In the beginning she persuades Dalton to run with her so they can watch each other and be witness to their own achievements. For Pace it’s an unfulfilled challenge she failed to make a few years before. So she dares Dalton to do it with her. After explaining that if one or the other doesn’t make it he/she ends up cut in half by the force of the 153-ton beast that they are trying to out run. Dalton is not convinced and we later learn that Pace did not make it. Reportedly, two teenaged boys died in 1987 and another in 2000 while on the trestle.
Wallace’s story is told in flashback where we meet up with the young and vulnerable Dalton who is making silhouettes of animals with his hands on the walls of a prison cell. He is being accused for Pace’s death. From there the story goes back and fourth between the prison cell and under the trestle. It is here also here we meet up with Dalton’s memories or the ghost of Pace, a tomboy ready for some kind of sex play that doesn’t actually involve touching.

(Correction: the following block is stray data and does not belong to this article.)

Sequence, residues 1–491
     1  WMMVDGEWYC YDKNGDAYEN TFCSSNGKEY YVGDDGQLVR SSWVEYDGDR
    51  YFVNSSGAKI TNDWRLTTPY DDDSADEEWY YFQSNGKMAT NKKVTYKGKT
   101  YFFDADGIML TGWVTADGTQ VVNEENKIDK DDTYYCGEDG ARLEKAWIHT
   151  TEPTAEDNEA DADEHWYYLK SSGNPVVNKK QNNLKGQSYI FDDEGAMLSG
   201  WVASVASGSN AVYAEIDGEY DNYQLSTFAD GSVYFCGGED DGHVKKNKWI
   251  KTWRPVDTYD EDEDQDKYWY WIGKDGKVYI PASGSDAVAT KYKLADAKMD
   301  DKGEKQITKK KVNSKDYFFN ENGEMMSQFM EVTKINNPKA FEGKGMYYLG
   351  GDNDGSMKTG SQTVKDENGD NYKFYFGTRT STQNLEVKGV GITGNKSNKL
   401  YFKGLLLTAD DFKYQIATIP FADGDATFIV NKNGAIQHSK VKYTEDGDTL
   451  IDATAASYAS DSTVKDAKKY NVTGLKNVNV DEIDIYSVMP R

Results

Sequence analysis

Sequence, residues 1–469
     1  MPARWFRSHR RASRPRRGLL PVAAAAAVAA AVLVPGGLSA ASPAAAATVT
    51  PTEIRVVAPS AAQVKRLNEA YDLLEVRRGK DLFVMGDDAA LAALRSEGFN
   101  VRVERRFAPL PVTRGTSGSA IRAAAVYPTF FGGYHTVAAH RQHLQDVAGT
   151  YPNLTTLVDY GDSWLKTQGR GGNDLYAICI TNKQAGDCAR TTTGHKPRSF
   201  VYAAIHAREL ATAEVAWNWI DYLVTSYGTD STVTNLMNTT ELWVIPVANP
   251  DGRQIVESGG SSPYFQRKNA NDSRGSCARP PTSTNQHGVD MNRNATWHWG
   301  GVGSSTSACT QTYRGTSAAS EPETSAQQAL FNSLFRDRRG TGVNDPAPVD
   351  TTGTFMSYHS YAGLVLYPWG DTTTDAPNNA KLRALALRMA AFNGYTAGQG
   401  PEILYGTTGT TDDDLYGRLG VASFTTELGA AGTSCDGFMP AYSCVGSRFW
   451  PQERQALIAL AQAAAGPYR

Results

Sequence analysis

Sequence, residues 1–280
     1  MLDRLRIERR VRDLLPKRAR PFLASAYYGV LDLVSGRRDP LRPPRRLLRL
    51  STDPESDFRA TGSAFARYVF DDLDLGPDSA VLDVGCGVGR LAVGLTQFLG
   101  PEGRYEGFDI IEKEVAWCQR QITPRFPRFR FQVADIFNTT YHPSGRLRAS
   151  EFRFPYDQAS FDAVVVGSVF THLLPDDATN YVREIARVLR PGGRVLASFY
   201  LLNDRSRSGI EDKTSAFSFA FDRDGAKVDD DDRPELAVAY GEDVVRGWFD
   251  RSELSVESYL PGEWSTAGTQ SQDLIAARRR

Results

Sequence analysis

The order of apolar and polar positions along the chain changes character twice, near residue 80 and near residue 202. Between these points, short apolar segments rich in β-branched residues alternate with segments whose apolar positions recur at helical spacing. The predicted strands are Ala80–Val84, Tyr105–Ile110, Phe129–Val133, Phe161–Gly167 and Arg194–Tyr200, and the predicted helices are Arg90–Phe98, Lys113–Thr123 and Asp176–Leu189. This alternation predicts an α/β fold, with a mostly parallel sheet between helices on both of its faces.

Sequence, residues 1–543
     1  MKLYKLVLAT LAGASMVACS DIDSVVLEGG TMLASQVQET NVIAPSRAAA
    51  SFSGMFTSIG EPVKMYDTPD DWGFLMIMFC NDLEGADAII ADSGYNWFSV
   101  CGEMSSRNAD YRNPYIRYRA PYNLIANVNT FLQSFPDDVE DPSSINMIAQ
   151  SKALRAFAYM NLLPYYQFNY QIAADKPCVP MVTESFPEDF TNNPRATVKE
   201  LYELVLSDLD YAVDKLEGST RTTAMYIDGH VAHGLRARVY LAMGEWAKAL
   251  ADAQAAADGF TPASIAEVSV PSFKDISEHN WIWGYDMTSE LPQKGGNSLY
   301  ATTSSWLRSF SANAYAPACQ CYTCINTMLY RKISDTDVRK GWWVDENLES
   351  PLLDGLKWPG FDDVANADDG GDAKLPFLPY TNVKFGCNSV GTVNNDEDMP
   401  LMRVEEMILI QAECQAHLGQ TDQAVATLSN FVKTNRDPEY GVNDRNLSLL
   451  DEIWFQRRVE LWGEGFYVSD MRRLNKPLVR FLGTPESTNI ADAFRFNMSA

In fact most of the characters in Wallace’s play, especially Gin (Michelle Brooks). Dalton’s mother, and Dray (John Polak) his dad, have stopped touching each other since Dray lost his job at the foundry due to an unspoken accident. It’s not because Gin doesn’t yearn and long for their sometimes wild past lovemaking, it’s because Dray feels worthless and dead inside that he can’t touch her.
Furthermore he is afraid he might hurt her if he does touch her because of his pent up anger. One of the most heartbreaking revelations he makes is when he confesses that he also fears leaving the house because he will be invisible, no one will see him … so he stays home and makes shadows on the wall with his back to us.